The Creek Indians

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Pay attention now, as there may be a test afterwards.

First, I want you to go back 20,000 years. That was when the polar ice cap was quite frozen over, all the way down to at least Kentucky.

We have always been a curious lot and we have always wanted to know what was “over there.” So hearty folks from south Russia and north China began a trek eastward. It was no problem to cross the frozen ocean into Alaska, where some folks decided it was too cold to stay and they ended up heading south. I always give present place names when talking about history, and the descendants of these folks came down through Washington, Oregon, and California into Mexico. Some of them in Mexico said “Oops, this is too hot,” and headed east some more.

Obviously it was too difficult to feed hundreds of folks at a time, and they stayed in small family groups, but each group was not too far away from each other in case help was needed.

They arrived in Georgia several thousand years ago and settled along our many streams and rivers. Consequently when DeSoto and his men traveled through here from Florida, these very first inhabitants of our state were named “Creeks” as that is where they were found living.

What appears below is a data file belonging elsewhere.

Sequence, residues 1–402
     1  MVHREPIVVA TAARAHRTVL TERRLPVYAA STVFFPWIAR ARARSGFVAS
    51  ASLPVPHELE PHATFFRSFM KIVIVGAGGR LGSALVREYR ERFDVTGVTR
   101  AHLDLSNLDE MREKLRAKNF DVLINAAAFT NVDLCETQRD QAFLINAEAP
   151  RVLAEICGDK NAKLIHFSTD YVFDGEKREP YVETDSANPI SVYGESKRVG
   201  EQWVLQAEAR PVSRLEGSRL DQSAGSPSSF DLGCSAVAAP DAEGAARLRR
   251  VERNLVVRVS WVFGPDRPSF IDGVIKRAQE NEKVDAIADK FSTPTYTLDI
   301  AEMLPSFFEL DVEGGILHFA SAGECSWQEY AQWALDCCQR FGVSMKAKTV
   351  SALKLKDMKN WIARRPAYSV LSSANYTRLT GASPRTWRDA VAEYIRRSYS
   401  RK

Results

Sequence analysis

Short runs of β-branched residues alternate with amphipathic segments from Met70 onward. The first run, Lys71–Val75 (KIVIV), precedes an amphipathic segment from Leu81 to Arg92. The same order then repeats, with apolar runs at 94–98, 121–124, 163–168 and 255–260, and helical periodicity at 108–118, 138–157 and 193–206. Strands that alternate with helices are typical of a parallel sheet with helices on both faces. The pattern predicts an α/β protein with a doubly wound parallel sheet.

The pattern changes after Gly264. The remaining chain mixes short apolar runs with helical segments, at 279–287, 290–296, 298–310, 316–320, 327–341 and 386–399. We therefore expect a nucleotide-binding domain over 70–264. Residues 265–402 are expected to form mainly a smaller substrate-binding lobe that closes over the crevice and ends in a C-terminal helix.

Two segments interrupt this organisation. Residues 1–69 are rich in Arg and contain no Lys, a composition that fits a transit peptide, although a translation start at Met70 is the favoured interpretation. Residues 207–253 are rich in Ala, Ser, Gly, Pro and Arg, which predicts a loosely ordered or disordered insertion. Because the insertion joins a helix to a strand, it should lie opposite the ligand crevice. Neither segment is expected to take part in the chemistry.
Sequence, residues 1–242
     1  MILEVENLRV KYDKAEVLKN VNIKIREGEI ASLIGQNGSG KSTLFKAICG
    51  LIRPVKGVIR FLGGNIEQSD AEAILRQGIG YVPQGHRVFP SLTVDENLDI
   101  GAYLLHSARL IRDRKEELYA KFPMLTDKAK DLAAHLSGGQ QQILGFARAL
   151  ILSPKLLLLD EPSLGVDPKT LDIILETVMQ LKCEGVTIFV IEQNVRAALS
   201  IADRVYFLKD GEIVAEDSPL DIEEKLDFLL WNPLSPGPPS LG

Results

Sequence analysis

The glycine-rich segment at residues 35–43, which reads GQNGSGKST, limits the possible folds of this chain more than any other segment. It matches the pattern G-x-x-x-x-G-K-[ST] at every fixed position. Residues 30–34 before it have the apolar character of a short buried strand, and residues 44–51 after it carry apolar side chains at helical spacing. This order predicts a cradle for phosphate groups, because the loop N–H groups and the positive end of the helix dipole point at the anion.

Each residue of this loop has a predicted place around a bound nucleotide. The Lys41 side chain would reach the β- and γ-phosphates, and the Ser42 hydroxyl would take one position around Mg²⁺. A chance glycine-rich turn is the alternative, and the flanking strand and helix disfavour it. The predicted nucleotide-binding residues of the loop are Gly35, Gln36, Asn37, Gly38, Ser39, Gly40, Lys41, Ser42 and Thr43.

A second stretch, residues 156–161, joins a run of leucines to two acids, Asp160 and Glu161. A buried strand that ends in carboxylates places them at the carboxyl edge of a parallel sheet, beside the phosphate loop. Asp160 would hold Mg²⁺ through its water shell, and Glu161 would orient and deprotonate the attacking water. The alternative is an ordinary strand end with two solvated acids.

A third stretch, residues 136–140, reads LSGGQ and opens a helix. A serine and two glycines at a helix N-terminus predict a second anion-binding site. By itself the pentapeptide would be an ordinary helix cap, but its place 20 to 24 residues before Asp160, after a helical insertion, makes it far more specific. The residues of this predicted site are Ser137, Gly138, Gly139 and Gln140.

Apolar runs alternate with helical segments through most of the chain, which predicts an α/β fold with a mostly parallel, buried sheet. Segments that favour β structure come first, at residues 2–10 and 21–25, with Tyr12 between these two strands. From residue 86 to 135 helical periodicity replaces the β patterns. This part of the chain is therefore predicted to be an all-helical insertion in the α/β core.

How do I know they were living in Fayette County for several thousand years? I have actual proof.

The county began to grow in the early 1970s and creating foundations for new houses were turning up interesting pieces of pottery. Builder Huie Bray, knowing my interest in history, gave me a box full of these strangely marked pieces of pottery to check with state officials and see what they might know.

I made an appointment with the state archeology department and headed into Atlanta. On the way I thought maybe the pieces (technically called shards) might possibly be several hundred years old and that would be exciting.

The archeologist laid the pieces out on a table and slowly walked around and around it deep in thought. Finally he said “when the Indians were making this pottery, Christ was choosing his disciples.”

Got my attention!

I have personally found many shards in the county: one time was when Lake Peachtree was drained in the early 1970s and I remember finding a shard that had once been a whole pot, because it has legs on it. Oh, what I would have given to have found a whole pot.

All of this led to meeting the direct descendants of our early settlers, the Creek McIntoshs. In the late 1790s a Creek Indian princess, Senoya He-Ne-Ha, married a McIntosh who had come to Georgia from Scotland.

Many of these Creek McIntosh descendants became chiefs of their Creek Nation, lawyers, mayors, teachers, and my favorite, Chief “Dode” McIntosh became a good personal friend of my children and I. Respect for my own father was highest on my list and respect for Chief Dode placed him second on the list.

A vast majority of us are ancestors of immigrants who have only been in this country for no more than 400 years. The ancestors of my subject today were already here by over 2,000 years before that.